|Not many people devote half their life to writing a single book. Life is too short to operate on that basis. Most writers are like butterflies, flitting from one flower to the next.
This year Hiromitsu Toyosaki completed his book "Marshall Islands: Nuclear Century". It is a mammoth 1,262 pages in Japanese. He started it when he was 31 and it took him 28 years to complete. One is filled with admiration at his will power and persistence. Many people continue to write about their memories of Hiroshima and Nagasaki, but, as the title suggests, 'Hiroshima' is not the main theme of this book. Indeed, most of the people who are the subject of this book are not Japanese at all. They are the hibakusha1 scattered all over the world.
What was it that drove him to write such a book? I believe it was because he heard the cries of the hibakusha. Their faint, but intense voices reached his ears and he was unable to ignore them. Or rather, he set out on his long journey to find out about the world of the post-Hiroshima hibakusha in order to assuage the discomfort that their voices aroused in him. He wanted to show the world the hideous truth that lay behind the euphemistic theory of 'arms control', namely the nuclear north-south problem.
He began collecting information in 1978 about the hibakusha from the Bikini Atoll nuclear tests. Twenty years after the nuclear tests people were still suffering as a result of residual radioactivity. This information had a deep impact on him. His course was set by the new surprises he received at a meeting held two years later in Washington DC. The meeting was convened by citizens' groups in 1980 and was called the Citizens' Hearings for Radiation Victims in Washington. The testimonies that he heard there resonated deeply for him. There were testimonies from people who became radiation victims at all stages of the nuclear development process: from nuclear veterans, from victims of nuclear tests, from uranium miners, workers in factories producing nuclear weapons and people working at nuclear power plants, and also from indigenous people - American Indians and Inuit.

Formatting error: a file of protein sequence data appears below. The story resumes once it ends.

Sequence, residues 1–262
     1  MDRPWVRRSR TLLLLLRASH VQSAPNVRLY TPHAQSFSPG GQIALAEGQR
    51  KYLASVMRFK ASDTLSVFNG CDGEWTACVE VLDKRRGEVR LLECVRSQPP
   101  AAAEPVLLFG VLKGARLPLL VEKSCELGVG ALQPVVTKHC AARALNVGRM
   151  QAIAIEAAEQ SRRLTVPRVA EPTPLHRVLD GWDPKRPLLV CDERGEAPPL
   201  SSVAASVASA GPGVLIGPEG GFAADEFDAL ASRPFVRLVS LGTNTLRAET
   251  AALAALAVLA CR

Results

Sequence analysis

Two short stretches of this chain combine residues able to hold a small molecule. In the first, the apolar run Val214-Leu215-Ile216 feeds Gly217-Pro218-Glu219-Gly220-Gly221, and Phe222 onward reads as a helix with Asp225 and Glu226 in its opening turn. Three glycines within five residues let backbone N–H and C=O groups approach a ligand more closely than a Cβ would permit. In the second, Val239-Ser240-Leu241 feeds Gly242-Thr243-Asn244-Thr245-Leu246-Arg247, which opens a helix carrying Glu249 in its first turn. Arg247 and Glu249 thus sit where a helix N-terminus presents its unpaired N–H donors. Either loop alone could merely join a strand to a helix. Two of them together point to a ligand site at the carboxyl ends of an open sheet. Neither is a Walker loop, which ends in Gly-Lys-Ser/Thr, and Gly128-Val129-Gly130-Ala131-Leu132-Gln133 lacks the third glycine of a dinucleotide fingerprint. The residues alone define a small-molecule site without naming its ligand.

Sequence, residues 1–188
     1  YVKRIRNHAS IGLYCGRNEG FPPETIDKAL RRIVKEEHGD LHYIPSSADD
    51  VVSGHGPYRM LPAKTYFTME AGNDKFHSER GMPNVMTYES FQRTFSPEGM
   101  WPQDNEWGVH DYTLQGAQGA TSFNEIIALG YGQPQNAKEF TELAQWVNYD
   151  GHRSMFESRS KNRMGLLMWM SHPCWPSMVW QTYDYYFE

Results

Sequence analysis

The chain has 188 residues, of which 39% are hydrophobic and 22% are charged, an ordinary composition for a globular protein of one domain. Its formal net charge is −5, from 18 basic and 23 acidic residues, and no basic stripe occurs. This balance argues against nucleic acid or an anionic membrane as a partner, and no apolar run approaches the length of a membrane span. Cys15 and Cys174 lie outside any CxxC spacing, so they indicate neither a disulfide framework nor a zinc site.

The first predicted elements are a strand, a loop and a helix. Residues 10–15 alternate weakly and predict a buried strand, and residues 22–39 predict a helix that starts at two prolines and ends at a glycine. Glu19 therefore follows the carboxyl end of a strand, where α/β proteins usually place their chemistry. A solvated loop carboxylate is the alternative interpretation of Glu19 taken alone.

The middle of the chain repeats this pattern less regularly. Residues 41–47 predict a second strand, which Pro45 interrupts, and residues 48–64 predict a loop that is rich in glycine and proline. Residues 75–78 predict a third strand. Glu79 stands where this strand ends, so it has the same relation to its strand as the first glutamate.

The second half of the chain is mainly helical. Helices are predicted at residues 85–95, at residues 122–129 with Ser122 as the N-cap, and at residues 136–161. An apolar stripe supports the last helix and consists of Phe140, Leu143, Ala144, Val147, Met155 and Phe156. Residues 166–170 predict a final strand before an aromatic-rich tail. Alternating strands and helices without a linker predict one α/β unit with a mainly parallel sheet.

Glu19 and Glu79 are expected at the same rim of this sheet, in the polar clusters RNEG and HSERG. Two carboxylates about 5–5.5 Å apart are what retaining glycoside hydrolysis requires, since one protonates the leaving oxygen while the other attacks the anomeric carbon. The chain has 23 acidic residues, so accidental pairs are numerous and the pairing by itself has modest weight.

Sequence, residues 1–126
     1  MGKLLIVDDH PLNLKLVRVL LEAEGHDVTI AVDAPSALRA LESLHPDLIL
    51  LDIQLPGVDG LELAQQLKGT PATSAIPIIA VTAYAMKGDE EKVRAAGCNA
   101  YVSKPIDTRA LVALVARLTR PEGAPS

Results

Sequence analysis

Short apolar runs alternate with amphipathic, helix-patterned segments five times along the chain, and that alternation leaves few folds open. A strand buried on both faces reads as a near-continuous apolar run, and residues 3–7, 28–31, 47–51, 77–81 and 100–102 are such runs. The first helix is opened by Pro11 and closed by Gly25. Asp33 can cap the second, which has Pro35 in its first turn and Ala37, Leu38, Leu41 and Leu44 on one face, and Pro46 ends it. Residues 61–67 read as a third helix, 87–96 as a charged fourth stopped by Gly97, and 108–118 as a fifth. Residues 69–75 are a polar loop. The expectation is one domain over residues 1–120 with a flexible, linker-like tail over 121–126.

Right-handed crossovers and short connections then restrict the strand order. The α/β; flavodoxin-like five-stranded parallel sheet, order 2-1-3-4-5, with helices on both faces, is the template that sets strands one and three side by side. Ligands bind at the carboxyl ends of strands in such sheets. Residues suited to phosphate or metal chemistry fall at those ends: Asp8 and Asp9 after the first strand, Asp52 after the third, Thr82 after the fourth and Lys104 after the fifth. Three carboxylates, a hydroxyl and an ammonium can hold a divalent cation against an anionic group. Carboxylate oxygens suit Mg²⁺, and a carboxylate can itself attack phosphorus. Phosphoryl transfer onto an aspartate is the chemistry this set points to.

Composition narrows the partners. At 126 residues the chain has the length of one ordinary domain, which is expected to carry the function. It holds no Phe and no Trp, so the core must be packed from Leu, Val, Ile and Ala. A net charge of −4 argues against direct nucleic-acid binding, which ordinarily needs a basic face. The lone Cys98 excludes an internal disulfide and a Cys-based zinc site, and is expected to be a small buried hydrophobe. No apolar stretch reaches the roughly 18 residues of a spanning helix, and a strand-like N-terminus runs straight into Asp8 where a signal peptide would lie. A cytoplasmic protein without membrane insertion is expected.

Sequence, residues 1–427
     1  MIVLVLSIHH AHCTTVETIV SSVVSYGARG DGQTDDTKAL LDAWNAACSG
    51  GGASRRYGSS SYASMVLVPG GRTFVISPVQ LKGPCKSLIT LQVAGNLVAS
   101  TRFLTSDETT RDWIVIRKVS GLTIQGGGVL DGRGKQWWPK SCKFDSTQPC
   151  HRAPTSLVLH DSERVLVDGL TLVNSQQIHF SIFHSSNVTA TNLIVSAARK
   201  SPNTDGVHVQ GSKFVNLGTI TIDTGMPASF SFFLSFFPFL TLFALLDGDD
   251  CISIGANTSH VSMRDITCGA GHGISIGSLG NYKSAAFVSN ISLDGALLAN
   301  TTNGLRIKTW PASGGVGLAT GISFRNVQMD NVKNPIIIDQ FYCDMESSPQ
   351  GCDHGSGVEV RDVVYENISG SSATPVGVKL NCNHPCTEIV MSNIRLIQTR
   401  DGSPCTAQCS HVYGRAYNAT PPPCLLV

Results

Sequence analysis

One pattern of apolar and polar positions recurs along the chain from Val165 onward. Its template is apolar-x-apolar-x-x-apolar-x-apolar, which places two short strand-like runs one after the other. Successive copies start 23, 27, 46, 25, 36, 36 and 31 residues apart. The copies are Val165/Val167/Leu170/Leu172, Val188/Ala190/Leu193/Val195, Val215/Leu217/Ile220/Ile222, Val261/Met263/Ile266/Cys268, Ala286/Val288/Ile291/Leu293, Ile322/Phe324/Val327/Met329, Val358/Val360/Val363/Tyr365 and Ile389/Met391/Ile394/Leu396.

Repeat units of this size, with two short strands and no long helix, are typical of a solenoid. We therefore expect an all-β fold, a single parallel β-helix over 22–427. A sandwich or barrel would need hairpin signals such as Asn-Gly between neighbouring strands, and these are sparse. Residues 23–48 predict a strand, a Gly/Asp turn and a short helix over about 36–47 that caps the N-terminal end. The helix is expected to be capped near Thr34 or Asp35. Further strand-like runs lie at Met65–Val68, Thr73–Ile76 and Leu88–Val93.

Hiromitsu Toyosaki's book traces his journey from its beginnings in the Marshall Islands, right up to the North Pole and down to the 'Great South Land', the land of the Australian Aborigines. He is a journalist and as such his gaze is always at ground level (though few Japanese are as tall as he is). Unlike international political scientists, he doesn't look down from above. He listens to the stories of the old people, researches the current situation and records the damage caused by the nuclear industry. One important aspect of his work is that he doesn't simply compile hibakusha witness accounts. He presents the whole picture, checking carefully against official documents obtained under Freedom of Information Law. The combination of the diachronic description provided by official documents with the synchronic perspective provided by hibakusha testimonies makes for a persuasive chronicle of the nuclear age. This book is a very appropriate offering for the 60th anniversary of the bombing of Hiroshima.
1. Hibakusha: atomic victims, victims of nuclear radiation
Click here for other Nuke Info Tokyo Who's Who articles
Return to NIT 107 contents